I've been curious to know how on earth (or should I say "how on Asgard") Nordic gods fit in the Marvel universe, where the other superheroes' powers are at least ostensibly science-based. Now I know! And it works surprisingly well.
Thor (Chris Hemsworth), the heir of wise King Odin (Anthony Hopkins) of Asgard, is much too arrogant for his own good. When Thor goes to battle with the Frost People, with whom Asgard has had a truce, the despairing Odin banishes Thor to earth.
Stripped of his powers, Thor lands in New Mexico, followed by his magical hammer Mjolnir; the immovable hammer in the middle of the desert draws considerable attention, including from Agent Coulson (Clark Gregg) and the agents of SHIELD. Thor is stunned to discover that he can no longer pick the hammer up, and it sits there waiting for the right person, rather like the Sword in the Stone.
Thor is aided by scientist Jane (Natalie Portman), who isn't sure if the handsome, strong stranger is a mental case...or the confirmation of her theory that there are realms in the universe beyond our own. For his part, Thor begins to learn about love, humility, and self-sacrifice.
Back home in Asgard, Thor's brother Loki (Tom Hiddleston) does not take well to the news that he was adopted from the Frost People by Odin and his wife Frigga (an underused Rene Russo). Moreover, it's gradually revealed that Loki engineered Thor's banishment and would like to see both Thor and Odin dead so he can rule as king. There's a lot going on, but it's surprisingly easy to follow the story, at least most of the time.
This was another very satisfying film in the Marvel series. I can't say I was all that excited about watching the opening battle sequences which set up the story, but on the whole the film was very well done. The movie spends equal time in Asgard and on earth, introducing audiences to concepts such as the Rainbow Bridge, the all-knowing gatekeeper Heimdall (Idris Elba), and Thor's Hammer along the way.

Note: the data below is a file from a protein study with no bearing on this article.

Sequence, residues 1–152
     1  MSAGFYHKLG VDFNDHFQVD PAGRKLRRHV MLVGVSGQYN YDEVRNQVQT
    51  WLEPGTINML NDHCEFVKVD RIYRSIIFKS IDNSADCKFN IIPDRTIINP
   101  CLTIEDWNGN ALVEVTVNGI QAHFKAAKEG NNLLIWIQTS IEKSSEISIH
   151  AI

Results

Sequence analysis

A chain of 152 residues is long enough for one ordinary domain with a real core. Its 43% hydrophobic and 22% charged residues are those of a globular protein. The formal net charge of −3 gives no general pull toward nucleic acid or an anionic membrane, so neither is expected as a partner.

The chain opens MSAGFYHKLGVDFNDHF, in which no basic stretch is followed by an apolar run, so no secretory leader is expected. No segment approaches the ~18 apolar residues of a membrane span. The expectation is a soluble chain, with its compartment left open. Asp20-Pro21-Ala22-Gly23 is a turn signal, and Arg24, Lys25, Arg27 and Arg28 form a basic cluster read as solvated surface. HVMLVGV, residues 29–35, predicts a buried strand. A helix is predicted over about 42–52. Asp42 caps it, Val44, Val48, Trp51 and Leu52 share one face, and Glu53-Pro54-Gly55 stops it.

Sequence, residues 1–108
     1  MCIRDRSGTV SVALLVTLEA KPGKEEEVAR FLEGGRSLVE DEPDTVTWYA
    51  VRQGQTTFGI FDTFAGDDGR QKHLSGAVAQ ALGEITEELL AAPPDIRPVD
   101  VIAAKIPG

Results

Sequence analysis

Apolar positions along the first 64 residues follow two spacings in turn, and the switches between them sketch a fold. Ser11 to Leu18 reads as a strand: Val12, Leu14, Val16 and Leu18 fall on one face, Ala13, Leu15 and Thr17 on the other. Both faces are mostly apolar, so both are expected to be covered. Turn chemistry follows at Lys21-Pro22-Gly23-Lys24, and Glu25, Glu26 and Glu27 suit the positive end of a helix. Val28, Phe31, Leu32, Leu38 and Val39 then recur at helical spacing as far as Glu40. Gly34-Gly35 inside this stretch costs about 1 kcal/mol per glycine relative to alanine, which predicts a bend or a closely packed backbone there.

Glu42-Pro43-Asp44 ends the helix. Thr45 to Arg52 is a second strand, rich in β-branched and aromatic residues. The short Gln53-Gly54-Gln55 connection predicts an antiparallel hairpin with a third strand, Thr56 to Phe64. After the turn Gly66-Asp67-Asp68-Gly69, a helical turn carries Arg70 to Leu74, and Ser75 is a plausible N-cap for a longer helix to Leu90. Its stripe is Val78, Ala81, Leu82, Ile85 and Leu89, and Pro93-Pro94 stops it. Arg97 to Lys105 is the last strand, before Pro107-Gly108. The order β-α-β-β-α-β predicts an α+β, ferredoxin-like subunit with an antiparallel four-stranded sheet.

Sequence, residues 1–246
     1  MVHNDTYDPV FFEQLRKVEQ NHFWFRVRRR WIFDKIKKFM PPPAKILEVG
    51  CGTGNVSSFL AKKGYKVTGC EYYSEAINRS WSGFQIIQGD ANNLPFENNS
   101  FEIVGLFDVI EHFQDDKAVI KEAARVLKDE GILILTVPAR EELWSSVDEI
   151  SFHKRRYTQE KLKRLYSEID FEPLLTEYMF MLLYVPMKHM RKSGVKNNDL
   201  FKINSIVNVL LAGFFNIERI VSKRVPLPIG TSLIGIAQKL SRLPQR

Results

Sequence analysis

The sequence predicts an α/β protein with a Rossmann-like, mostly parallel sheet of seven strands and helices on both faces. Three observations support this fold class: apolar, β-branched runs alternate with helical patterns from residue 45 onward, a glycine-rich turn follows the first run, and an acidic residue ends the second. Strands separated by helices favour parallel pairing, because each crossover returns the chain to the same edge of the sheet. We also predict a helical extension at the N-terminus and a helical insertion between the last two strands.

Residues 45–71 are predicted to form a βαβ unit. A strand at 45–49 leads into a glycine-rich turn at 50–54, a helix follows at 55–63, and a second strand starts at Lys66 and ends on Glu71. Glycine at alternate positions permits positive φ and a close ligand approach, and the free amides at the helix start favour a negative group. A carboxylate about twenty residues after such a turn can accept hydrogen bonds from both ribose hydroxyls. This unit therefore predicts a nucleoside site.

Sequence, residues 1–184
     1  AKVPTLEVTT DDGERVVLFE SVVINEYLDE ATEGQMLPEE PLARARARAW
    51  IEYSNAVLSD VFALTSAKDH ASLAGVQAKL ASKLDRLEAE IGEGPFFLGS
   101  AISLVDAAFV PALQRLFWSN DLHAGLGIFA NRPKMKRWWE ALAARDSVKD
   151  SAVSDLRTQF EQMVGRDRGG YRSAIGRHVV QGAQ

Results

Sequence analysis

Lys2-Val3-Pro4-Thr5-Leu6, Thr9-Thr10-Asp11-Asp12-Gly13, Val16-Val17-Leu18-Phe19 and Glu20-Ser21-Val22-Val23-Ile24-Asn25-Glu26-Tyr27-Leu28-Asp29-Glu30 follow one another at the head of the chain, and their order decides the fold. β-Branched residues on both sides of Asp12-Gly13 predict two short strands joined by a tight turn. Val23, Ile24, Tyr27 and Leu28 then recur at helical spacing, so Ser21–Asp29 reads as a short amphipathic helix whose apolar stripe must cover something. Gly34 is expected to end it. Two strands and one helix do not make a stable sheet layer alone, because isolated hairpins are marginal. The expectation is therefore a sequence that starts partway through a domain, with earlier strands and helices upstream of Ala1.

Australian actor Chris Hemsworth is perfectly cast as Thor, conveying both his initial arrogance and his ultimate worthiness. The moment when Thor begins to pound the Rainbow Bridge to pieces, which will save Jane from evil Loki but also prevent Thor from returning to her himself, was truly moving. Even better is the scene where Thor proves himself worthy at last to carry his hammer, a truly exciting moment.
FROZEN (2013). It also won't be lost on most viewers that leading lady Natalie Portman was also a part of the STAR WARS universe, which again gives THOR a familiar feel despite the unusual story.
This was the third film I've seen which was directed by actor Kenneth Branagh, following JACK RYAN: SHADOW RECRUIT (2014) and CINDERELLA (2015). All three films were winners for me. Branagh knows how to tell a good story.
THOR runs 115 minutes. It was shot by Haris Zambarloukos. And yes, like all the other Marvel movies it's lacking a memorable musical score. Those first shots of Asgard should have been stunningly scored...instead we got elevator music.
Parental Advisory: This film is rated PG-13 for "intense sci-fi action and violence." Like the other Marvel films, there's a lot of fighting but nothing gory or disturbing.
THOR is available on DVD, Blu-ray, and Amazon streaming. The trailer is here.
Previous Marvel reviews: CAPTAIN AMERICA: THE FIRST AVENGER (2011), CAPTAIN AMERICA: THE WINTER SOLDIER (2014), IRON MAN (2008), IRON MAN 2 (2010), AGENT CARTER (2015), and ANT-MAN (2015).
Update: Here's the link for a review of THOR: THE DARK WORLD (2013).